9. As far as all the perks go that you have, how do you keep costs under control where its not cutting into your profits?
LD: Our productivity here is so high it takes care of itself. We do scrutinize; we don’t spend lavishly on perks. The perks that have the most meaning are the perks that don’t cost the most money. We get creative with how we deliver them.
KS: We always have a Columbus Day clam bake for example and it’s put on by the business office so it’s not catered. We have people volunteer and bring equipment from home and people can bring a dish to pass. We get everything from Palmers and it takes up some time, but only that one day a year. For people with spouses that work at banks, they have off. So for them to have to come to work let’s try to make it as fun as possible—now it is in its 6th year. People really appreciate when you do volunteer and don’t just pick up the phone and call a caterer. That is actually a pretty cost effective event.
LD: We do really cost effective things, like pumpkin carving contests; we buy pumpkins for everyone and send them home and their families get involved. That is important to us, that work-life balance. How can we contribute to having a fun opportunity at home, but then bring it back into the office, so families share with other families? That’s not an expensive thing. We’re very mindful because we do have profit sharing—we don’t want people thinking we’re spending frivolously because there is something in it for them too. So we have to be very, very careful and strike the right balance there. But because the productivity is so high our profitability is in check. So we don’t really have to worry too much about that, but we are mindful of it.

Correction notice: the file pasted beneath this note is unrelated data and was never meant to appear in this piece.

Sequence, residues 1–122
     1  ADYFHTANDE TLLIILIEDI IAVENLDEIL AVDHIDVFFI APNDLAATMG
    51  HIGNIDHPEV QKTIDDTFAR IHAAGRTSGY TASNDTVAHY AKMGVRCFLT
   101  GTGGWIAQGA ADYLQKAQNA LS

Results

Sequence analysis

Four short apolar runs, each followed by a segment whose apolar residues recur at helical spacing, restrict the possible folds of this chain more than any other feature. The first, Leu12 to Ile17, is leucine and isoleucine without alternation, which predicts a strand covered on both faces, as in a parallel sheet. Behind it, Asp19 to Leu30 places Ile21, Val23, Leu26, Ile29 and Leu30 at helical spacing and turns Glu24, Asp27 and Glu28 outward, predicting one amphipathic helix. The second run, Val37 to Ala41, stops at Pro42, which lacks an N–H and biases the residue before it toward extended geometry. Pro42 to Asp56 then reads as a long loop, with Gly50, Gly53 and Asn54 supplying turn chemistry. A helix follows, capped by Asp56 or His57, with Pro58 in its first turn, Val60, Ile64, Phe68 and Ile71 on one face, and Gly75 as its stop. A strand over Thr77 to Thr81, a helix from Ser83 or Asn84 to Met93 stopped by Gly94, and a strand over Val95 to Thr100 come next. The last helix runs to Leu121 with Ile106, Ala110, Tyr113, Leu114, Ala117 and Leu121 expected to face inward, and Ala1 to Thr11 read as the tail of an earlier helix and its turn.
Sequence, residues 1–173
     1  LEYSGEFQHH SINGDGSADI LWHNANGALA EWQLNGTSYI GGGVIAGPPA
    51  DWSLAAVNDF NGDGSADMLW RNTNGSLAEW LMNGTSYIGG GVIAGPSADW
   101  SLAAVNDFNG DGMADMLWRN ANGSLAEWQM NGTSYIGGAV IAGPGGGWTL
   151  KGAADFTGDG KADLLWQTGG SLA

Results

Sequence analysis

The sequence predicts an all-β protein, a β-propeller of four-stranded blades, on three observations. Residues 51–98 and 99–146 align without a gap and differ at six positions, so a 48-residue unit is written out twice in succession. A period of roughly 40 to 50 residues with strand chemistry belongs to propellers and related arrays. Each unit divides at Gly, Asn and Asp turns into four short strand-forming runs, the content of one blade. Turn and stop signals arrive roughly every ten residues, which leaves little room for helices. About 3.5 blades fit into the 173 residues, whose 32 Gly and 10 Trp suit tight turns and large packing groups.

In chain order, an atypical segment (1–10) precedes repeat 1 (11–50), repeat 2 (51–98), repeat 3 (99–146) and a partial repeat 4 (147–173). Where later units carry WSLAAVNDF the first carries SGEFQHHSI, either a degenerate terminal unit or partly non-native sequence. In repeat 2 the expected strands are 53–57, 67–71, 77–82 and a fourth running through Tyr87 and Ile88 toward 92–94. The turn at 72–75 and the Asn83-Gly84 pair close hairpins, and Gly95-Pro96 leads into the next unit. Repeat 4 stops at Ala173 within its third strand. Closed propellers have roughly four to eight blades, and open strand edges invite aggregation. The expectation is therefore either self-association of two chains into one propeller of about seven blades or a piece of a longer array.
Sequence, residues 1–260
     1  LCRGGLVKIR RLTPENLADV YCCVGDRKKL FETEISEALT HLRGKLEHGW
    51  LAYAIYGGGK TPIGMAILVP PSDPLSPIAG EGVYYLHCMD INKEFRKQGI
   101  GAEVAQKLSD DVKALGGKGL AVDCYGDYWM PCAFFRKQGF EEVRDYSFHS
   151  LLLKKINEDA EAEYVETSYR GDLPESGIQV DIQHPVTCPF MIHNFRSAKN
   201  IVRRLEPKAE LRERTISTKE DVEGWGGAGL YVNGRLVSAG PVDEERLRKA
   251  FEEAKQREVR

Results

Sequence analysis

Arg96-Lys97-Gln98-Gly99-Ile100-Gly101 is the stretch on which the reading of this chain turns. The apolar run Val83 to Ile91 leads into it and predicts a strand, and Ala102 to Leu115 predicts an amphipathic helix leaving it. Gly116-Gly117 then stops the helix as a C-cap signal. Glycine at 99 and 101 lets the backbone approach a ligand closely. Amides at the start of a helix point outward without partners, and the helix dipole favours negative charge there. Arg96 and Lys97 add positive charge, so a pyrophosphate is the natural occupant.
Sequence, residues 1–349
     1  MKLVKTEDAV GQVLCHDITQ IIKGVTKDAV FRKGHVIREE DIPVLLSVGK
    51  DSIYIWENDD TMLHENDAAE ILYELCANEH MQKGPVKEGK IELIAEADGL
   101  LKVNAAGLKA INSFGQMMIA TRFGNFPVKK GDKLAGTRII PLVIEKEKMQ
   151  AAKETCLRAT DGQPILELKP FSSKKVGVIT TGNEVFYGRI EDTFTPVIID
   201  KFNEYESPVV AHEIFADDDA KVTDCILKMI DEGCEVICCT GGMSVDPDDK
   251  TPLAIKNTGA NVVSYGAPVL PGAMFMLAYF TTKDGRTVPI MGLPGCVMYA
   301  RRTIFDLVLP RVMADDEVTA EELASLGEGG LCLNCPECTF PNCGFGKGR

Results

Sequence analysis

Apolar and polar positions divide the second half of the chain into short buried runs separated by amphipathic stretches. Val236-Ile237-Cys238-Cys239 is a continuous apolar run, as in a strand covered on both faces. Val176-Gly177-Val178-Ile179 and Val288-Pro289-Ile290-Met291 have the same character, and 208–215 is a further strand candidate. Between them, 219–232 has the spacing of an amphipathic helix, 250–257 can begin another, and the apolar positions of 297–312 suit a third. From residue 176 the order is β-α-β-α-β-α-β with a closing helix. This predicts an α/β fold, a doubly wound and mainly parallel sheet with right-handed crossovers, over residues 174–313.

9 ½. How do you slowdown in an industry that never stops?